And if any social or fiscal conservative had ever claimed such a thing, you might have a point.

      Frankly, it seems like all your perceptions of American political life are lifted straight out of 19th century Europe. Leftist have long since ceased to be the plucky rebels against aristocracy and capitalism. Now they represent elements of the establishment in their own right.

    5. Oliver Suess-Barnkey Says:

      Shannon writes:
      “American conservatives, especially social conservatives, have always viewed themselves as outsiders battling against the corrupting influences the big cities, big commerce and big media.”

      Yes, right-wing populism has always existed. But neither major political party could or did seek to exploit it as a key pillar of power until Reagan. Liberals never liked the nativism that went along with right-wing populism and traditional conservatives have always been primarily interested in an benefited from stability and the status quo, even.
      Big commerce and big media get that way only because they work harder and smarter. The suggestion that conservatives should begrudge or fear that success is, as I said, evidence that victimology has been adopted by many Americans who now label themselves as conservative.
      Conservatives traditionally have been owners of big media, not critics of it and have managed and owned companies, including big ones, and have not been critics of the “corruption of big commerce.”

      Shannon writes:
      “Its important to note that from 1792-1968, the Democratic party was the socially conservative party in America.”

      Regardless of which party they chose, pre-Reagan conservatives naturally considered themselves as allies of success in a free-market society, including corporations and the news media. Liberals were the ones challenging the status quo and questioning the fairness of economic domination by the few.
      Reagan’s policies drove ideological bifurcation by using wedge cultural issues such as religion and abortion to lure away low-income Americans attracted to the Democrat’s pro-union policies. From there, the divide widened as right-wing populists and born-again Christians supplanted the Goldwater-led conservative movement that relied more heavily on libertarian ideas.
      This is the change Reagan brought to the Republican party and Bush 43 deepened it and widened it. It’s no surprise that Goldwater’s on record opposing Bush 43 on the war, gays and other key issues…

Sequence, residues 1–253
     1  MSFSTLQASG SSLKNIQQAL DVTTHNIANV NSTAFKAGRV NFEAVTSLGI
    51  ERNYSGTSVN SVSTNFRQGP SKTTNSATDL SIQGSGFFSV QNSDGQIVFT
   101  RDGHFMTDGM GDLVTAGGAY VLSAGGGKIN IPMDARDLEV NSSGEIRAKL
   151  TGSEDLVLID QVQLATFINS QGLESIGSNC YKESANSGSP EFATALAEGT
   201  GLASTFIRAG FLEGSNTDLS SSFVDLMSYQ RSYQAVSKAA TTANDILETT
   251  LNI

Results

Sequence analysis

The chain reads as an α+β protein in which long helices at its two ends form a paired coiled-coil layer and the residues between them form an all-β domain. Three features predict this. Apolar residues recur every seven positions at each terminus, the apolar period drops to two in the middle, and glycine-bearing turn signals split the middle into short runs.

6. Shannon Love Says:

      Oliver Suess-Barnkey,

      You seem to have very elastic and imprecise definitions of conservative and liberal. There is no major group of people who are “conservative” on most issues and no major group of people who are “liberal” on most issues. Political parties win by stitching together ad hoc coalitions of voters who support them on most things. Parties lose when they alienate to many voters.

      Conservative and Liberal, even as synonyms of right and left, don’t map onto political parties. For example, the Republican party during the Civil War era, conservative or liberal? Rightwing or Leftwing? Today, the Democratic party is the most conservative party on all but a tiny handful of minor social issues. On every other issue, they seek to maintain the status quo or return to status quo that existed prior to 1980. They seek to expand government power into every aspect of life except sex. . On the other hand, Republicans have tried to introduce novel new solutions for everything from social security to education. On every issue, except sex, they have sought to decrease the role of government and maximize personal freedom. So which party, exactly is the modern day “liberals?”

      You seem to automatically equate wealthy with conservative although that has never been true and is certainly not true today. Neither is big business of all kinds allied with a free-maket ideology. In fact, big business likes big government and big government likes big business. The two feed off one another. Neither likes the instability that a true free-market introduces. Look at France. France has a big government philosophy that justifies itself in large part by claiming to stick it to big business. Yet, of the 30 largest French corporation in 1970, all still exist as major corporations today. In American 20 of the top 30 companies today didn’t even exist in 1970. Clearly, its better to be a big corporation in a dirigist state than in a more free-market one.

      Since the 1930’s, the American Left in general and the Democrats in particular have walked hand-hand with big business. Most of the factors that Democrats tout as sticking it to big business actually protect big business from competition by creating significant barriers to entry.

      Conservatives traditionally have been owners of big media…

      If by Conservatives you mean the Wealthy, then you are technically correct. After all, it is very difficult to for a poor person to own a “big” anything. If you intend conservative to mean, holding traditional personal values or fostering a free-market then the answer is a definite “no.”